So you just landed in your destination with an expectant heart, a longing for something new, and a list of essential things you want to see and do. But before you get started on that itinerary, how about a trip to… the local supermarket?
I know, I know. You’re travelling to escape the humdrum of daily life and have out-of-the-ordinary experiences, not to reproduce your home routine abroad. But if you approach it with the right amount of curiosity and enthusiasm, the supermarket can turn into a great field of exploration, and (window) shopping in a foreign country becomes an exciting adventure full of insights and discoveries that will inform the rest of your holiday.[related_articles]98[/related_articles]
Here are five reasons to go grab a trolley and explore the aisles of your new neighbourhood store.
#1 It’s an integral part of the cultural experience
Experiencing the culture of a country is not only about learning its history, touring the main sites, and witnessing colourful traditions. For a complete picture, you also need a glimpse into the locals’ everyday lives.
The most telling differences often lie in the smallest details, and those usually play out in a clear and digestible way on the mundane supermarket stage. Indeed, as food and basic amenities are an aspect of life we’re all familiar with, they’re a great place to start drawing comparisons (or noting differences).[related_articles]48135,8443[/related_articles]
Wander the aisles of the supermarket with open eyes and an open mind and you’ll notice all the tiny quirks in the ways people shop and what they like or don’t. Are there really that many varieties of ramen noodles in Korea, how do Colombians choose from this seemingly infinite range of arepas, do Peruvians really eat all these varieties of potato?!
#2 It can reveal a surprising amount
Not only can a tour of the grocery store provide insight into residents’ eating habits, it’ll reflect many other facets of the local culture and conditions. The range of products stocked and their prices can teach you about the country’s agriculture (for example, Peru produces many different types of corn), its industry, its international relationships and influences (what countries’ goods does/doesn’t it import?), its level of development, and its fashion trends.
In short, it’s a small-scale introduction to the socio-economic reality of the country. And, let’s be honest, you’d rather find out by scanning fruit and veg than reading that boring first chapter in your guidebook, right?
#3 It’s a language-learning opportunity
Whether you’re studying the language of your host country seriously or you’re just interested in learning a few basics to get by, it can be surprisingly difficult to find opportunities to pick up new vocabulary and practise your conversation on a trip abroad. The supermarket gives you the chance to learn plenty of new and essential words interactively.[related_articles]43483[/related_articles]
Knowing the names of ingredients will help you read menus and make more informed decisions at the dinner table (like not accidentally ordering meat if you’re a vegetarian). And, if you’re at a more advanced level, you also get an occasion to dazzle the cashier with your speaking skills.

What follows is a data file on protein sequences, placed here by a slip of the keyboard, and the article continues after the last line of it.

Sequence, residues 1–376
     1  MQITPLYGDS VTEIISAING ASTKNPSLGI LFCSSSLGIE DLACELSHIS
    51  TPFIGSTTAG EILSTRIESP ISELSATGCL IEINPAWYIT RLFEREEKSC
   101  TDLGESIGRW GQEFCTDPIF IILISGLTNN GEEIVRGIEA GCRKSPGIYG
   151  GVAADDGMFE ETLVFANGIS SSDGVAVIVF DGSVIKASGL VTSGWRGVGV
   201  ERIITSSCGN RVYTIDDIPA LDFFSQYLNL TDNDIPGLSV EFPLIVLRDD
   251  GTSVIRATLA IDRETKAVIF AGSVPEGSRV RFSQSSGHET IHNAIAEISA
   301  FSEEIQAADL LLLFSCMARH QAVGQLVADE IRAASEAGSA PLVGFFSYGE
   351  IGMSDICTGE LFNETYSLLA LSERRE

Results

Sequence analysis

#4 You’ll Discover New Food
This is probably the most exciting part – think of all the new foods you get to try! From the incredible tropical fruits of South America and the many different greens of Southeast Asia, to the 450-plus cheeses of France or the cured meats of Spain, get ready to say hello to all your future addictions. Hello Norwegian brunost (caramel-flavoured cheese), hello mangosteen (a sweet tropical fruit from Thailand), hello panela (unrefined cane sugar).
If you’re into your food, a trip down the lanes will help you identify all the delicacies you must sample during your stay. And if there’s anything you’ve never seen before and have no clue how to cook it (llama or reindeer meat, anyone?), at least now you’ll know what to order at the restaurant tonight.
#5 You can even Pick up souvenirs
The grocery store is a good place to buy presents and souvenirs – trust us. In fact, you may want to visit the supermarket both at the beginning and at the end of your trip so you can load up on your favourite goodies to take home. While you can’t be sure that your grandmother will love the Kenyan mask or Bolivian amulet you nearly bought at a ridiculous price from that street vendor, the odds are higher that she’ll be pleased with the local pastries.[related_articles]60521,57708,51431[/related_articles]
Food specialties, brews and liquors make solid gifts, and you’ll often find them at much less inflated prices in supermarkets than in souvenir shops. You wouldn’t want your friends to miss out on the experience of tasting Finland’s salty liquorice alcohol salmari, would you?
(Lead Image: Julie Fader / Unsplash)
After almost nine years in the UK, 'ex-French' girl Camille quit her job in publishing to travel the world in February 2013 – and hasn't stopped since! She has lived temporarily in South Korea and Thailand and visited many countries working as a travel writer, content editor, and proofreader. She likes riding scooters, poetry, arthouse cinema, and scaring her mother by trying extreme/adventure sports. She rants – er, writes about her life and shares her travel 'wisdom' at Camille in Wonderlands – see you there!